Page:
Although he rejected the division of China’s socialist project into “Maoist” and “post-Maoist” periods, he held that China’s “opening up,” beginning in 1978-1980, followed by its controlled integration into “globalization” in the 1990s created a political opening for right-wing elements in China and a rightward shift in their own Communist Party. China’s economy is also at risk of being affected by the twists and turns and booms and busts of globalized capitalism if this integration is not sufficiently controlled. Despite the risk, China was largely unaffected by the 2008 financial crisis, unlike many “emerging” capitalist countries. On the other hand, as Amin points out, through the import of foreign capital (albeit on conditional terms), China has developed modern technologies that were previously inaccessible, raising their productive forces and capacity to new heights. The path of socialist construction has not been abandoned, he says. The decisions that are being made, which certainly have their downsides, are being carried out under the watchful eye of a Communist Party with mass support.

Thus, it wasn’t capitalist restoration that accounts for China’s rise. If it were, as some bourgeois economists argue,  then would not countries like India, Brazil, and South Africa enjoy some of the same gains? These countries have, on the contrary, been devastated by capitalist globalization. This is because they are not “emerging countries”, but “emerging markets.” In other words, they emerge as appendages to the imperialist world order rather than as their own sovereign entities.

According to Amin, since “opening up,” there has been a general depoliticization in China. He argues that the rise and success of the new development policies and China’s position within the world economy “strengthens the spontaneous tendency” to move to the right. Balancing development while retaining the political integrity and socialist orientation of the country and its people is, according to Amin, the challenge China faces. Nevertheless, these risks are calculated and these challenges can be overcome as long as China and the CPC stay committed to socialist development. Amin referred to the growing hostility towards China, particularly in the west, as “China bashing:”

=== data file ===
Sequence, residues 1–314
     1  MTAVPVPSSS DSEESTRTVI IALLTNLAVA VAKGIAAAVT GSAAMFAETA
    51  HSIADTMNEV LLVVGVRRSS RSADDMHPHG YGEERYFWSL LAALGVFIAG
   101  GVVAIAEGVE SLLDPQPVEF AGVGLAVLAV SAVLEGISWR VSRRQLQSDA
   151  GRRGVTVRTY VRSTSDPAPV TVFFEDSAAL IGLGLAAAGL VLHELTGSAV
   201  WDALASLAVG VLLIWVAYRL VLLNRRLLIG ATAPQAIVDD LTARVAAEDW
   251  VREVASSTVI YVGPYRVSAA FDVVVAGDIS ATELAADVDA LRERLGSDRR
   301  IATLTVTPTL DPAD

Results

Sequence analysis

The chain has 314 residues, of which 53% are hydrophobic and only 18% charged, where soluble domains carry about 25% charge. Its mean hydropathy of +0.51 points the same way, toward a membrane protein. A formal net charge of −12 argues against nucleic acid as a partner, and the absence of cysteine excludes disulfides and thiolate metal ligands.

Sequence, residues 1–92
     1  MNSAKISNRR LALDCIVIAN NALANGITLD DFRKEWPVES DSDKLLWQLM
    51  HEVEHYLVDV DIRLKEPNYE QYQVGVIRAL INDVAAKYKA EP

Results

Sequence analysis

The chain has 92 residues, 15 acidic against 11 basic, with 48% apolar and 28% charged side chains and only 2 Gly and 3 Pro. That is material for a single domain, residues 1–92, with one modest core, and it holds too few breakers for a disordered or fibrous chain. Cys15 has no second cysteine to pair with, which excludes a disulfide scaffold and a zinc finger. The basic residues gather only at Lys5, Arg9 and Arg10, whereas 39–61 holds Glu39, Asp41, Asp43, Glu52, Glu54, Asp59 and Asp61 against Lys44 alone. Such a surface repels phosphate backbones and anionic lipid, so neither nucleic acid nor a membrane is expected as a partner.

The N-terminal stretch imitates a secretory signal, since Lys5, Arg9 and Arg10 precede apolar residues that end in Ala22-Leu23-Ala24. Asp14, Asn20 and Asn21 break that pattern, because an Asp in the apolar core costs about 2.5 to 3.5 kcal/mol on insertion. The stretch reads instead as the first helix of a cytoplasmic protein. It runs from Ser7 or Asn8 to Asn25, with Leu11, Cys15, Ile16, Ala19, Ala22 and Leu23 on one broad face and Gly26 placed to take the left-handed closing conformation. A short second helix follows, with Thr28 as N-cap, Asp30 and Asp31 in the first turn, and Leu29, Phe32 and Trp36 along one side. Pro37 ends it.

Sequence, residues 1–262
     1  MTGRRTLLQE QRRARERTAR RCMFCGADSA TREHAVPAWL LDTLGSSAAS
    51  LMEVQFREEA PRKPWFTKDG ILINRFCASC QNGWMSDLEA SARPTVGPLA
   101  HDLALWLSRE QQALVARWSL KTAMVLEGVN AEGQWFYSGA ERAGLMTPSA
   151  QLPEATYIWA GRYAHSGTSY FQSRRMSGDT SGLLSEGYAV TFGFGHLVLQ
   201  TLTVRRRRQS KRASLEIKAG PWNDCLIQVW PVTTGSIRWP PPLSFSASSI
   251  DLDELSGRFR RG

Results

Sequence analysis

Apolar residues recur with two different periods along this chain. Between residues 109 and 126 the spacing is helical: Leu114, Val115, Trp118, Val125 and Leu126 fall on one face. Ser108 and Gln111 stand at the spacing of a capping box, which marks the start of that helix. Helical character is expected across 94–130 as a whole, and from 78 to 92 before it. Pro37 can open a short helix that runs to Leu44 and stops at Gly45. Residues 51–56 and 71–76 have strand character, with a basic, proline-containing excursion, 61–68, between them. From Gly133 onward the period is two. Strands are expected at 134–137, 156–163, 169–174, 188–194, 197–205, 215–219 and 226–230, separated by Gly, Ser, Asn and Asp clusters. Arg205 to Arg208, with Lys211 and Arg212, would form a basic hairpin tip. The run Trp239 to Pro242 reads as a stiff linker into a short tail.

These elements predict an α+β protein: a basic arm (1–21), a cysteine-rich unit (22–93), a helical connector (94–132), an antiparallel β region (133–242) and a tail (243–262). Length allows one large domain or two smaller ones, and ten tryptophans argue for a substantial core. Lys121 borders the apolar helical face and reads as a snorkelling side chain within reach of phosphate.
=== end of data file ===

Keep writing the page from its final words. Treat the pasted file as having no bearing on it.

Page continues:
“China bashers seem to think that the mass construction of housing for the working class is nothing but the abandonment of workers to slums and liken “inequality” in China (working-class houses are not opulent villas) to that in India (opulent villas side-by-side with slums), etc. China bashing panders to the infantile opinion found in some currents of the powerless Western “left”: if it is not the communism of the twenty-first century, it is a betrayal! China bashing participates in the systematic campaign of maintaining hostility toward China, in view of a possible military attack. This is nothing less than a question of destroying the opportunities for an authentic emergence of a great people of the South.” (The Implosion of Contemporary Capitalism)

Any serious analysis of China must take into account its specificity: what particular challenges did they face historically and what challenges do they face now? From where did they originally emerge: A highly developed productive system and educated working class or from semi-feudal property relations and colonial underdevelopment? The progressive movements across the world and particularly in the US, where the bourgeoisie trumps out an endless barrage of accusations against China, would benefit from studying Amin’s thorough and optimistic outlook on it.

On the one year anniversary of Samir Amin’s death, the Party for Socialism and Liberation remembers and honors his legacy as a revolutionary communist intellectual. Amin’s works were in service of oppressed people around the world. He teaches us a key lesson in a time when it is easy to default to cynicism: that the current prevailing social and economic order, with all of its inequality and oppression, is not inevitable.

Samir Amin, presente!